Carriers ‘Better Wake Up’ to the Silent Cost in Auto Repairs

By Eva Thomas
Originally posted in P&C Specialist

ADAS repairs and calibrations cost hundreds of dollars even if they are done properly, which isn’t always the case. Insurers are paying the price.

The impact of Advanced Driver Assistance Systems (ADAS) repair and calibration costs is a relatively new challenge facing P&C carriers. Understanding where those costs come from is the first step to reducing unnecessary costs that can harm customers and carriers.

“Insurance companies better wake up and understand the importance of these calibrations,” said Jamie Humphries, co-owner of Georgia ADAS Calibrations, who just opened its second recalibration center in the state.

ADAS includes features like surround view, parking assist, automatic braking and pedestrian detection, all of which help keep people safe inside and outside the vehicle. To work properly and record accurate data, many of these systems must be individually calibrated. These calibrations can cost hundreds of dollars and require specific technicians, equipment and spaces, and carriers are the ones footing the bill. But a lot of these necessary calibrations don’t happen or aren’t done correctly.

Twenty-six percent of repaired vehicles require some type of ADAS calibration, and yet less than 10% receive it, said Greg Peeters, CEO of Car ADAS Solutions, a training consulting firm that specializes in starting ADAS calibration centers and has two Georgia locations.

A Developing Market

Although ADAS systems are nothing new, advanced technology and the increasing need for calibration has created a new market for calibration technicians and facilities. Companies such as Hansen VTF Labs, an ADAS calibration and vehicle-test facility in Anaheim, Calif., and Car ADAS Solutions, which Peeters started in 2020, have emerged to meet this need. These companies focus on the auto insurance industry in an attempt to inform and explain ADAS calibration and the costs that go along with them to those in the industry. As ADAS repairs and calibrations increase across the country, the costs insurance companies are paying involving ADAS also increases.

“In 2019, 96% of surveyed dealerships reported performing calibrations a few times per year, compared with only 29% in 2016,” said Insurance Institute for Highway Safety (IIHS) spokesman Joseph Young.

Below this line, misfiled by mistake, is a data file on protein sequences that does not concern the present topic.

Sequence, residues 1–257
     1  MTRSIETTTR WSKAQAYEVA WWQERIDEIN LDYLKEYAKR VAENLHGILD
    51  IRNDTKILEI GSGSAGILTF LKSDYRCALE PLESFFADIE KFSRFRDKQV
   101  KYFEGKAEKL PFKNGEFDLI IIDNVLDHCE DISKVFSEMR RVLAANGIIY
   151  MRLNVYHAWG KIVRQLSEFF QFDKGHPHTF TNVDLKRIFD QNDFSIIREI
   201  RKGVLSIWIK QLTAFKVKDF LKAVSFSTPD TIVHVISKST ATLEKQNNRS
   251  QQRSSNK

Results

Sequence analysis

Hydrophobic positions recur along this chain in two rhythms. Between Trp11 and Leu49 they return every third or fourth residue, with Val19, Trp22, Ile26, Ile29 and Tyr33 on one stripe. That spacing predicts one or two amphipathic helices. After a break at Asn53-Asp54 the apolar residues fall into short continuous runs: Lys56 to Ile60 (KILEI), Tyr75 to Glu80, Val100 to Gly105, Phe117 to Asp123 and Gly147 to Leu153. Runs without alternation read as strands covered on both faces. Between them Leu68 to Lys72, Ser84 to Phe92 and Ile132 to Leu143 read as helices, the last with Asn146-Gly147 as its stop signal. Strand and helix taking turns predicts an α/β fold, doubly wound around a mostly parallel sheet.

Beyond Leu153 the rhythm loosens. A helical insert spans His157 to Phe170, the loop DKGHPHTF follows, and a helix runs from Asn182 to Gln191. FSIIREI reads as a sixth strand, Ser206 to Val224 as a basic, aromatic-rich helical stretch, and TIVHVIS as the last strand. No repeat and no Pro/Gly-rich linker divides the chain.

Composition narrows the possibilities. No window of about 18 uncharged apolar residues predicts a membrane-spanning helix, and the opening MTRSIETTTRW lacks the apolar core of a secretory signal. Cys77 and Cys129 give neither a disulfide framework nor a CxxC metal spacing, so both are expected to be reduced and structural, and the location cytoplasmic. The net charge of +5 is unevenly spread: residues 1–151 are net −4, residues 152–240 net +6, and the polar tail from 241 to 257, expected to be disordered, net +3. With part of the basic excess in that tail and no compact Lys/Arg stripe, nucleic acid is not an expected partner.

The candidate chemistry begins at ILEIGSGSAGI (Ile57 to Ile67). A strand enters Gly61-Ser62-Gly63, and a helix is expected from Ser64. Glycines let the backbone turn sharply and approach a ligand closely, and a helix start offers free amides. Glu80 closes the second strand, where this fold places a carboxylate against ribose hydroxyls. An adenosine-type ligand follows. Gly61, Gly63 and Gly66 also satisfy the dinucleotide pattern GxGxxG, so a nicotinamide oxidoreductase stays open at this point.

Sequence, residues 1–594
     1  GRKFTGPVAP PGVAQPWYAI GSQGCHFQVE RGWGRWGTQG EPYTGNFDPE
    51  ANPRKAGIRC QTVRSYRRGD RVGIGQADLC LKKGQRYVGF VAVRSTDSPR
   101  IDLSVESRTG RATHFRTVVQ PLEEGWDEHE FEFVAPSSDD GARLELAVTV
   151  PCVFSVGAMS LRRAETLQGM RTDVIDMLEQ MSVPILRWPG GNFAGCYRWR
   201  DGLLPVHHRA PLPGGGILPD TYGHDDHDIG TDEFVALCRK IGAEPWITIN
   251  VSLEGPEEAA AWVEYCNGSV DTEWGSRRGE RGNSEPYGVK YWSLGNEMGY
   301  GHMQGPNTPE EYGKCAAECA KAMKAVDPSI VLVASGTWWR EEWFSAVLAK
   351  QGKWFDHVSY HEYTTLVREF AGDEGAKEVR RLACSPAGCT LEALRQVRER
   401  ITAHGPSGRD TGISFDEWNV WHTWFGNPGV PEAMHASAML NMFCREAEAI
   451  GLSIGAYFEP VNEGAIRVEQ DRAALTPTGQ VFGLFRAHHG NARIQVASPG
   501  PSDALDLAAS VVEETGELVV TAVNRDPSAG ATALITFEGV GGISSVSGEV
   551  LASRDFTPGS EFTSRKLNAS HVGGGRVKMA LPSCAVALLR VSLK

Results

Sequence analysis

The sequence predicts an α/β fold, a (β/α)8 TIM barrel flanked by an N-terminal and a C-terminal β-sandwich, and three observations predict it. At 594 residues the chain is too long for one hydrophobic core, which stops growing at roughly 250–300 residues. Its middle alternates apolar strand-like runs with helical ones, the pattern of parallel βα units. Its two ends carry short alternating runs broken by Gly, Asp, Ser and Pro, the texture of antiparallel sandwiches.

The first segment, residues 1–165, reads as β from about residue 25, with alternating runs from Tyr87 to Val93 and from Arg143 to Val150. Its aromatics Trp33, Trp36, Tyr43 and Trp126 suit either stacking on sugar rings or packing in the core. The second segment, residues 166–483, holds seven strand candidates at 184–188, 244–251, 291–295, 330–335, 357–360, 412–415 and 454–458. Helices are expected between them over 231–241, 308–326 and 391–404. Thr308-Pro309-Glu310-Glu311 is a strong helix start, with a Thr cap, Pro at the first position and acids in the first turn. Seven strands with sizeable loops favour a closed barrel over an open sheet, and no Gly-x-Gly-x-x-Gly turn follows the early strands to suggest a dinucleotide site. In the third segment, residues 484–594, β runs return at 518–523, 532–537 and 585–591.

Understanding the Cost
Kevin Yen,
general manager of Hansen VTF Labs, said local adjusters visited the facility to understand what ADAS and calibration costs entailed and meant.

“They’ve seen that the cost of ADAS is hurting them, and they want to get an idea as to why it costs so much — and what’s an acceptable price range,” Yen said.

ADAS keeps people safe, but it’s a “double-edged sword,” as the replacements and calibrations are costly and add to an increase in severity amidst an already challenging economic environment in the auto insurance industry.

In the second quarter of 2022, personal auto loss ratios reached 78%, the highest in 20 years, according to the American Property Casualty Insurance Association (APCIA). While claim frequency has decreased, the severity of claims continues to climb, with the average cost per collision claim increasing 36.5%, to $5,743, from Q1 of 2020 to Q1 of 2022, APCIA reported.

As part of its model, Car ADAS has held grand openings in new centers and has invited local adjusters to learn general information about the facilities, Peeters said.

Training Insurers

On Dec. 2, Car ADAS announced it would open its 18th location: Georgia ADAS Calibrations in Decatur. The facility includes a training center to teach technicians and insurance companies about proper ADAS calibration and practices.

The facility looks to partner with insurance companies via a training platform and would be more information and lesson based, compared to their work with auto technicians, which would focus on ADAS certication and repair, said Humphries.

Peeters, Humphries and Yen hope to get their respective training programs off the ground in 2023.

At the trainings, adjusters learn about the calibration process and watch how different calibrations are done, as each ADAS has a unique calibration procedure.

Most auto shops do not have the capacity, equipment, or technicians to accommodate these repairs. Throughout his 20 years in the collision industry, Humphries said he has seen lawsuits because proper ADAS repair procedures were not followed on a vehicle — a costly mistake.

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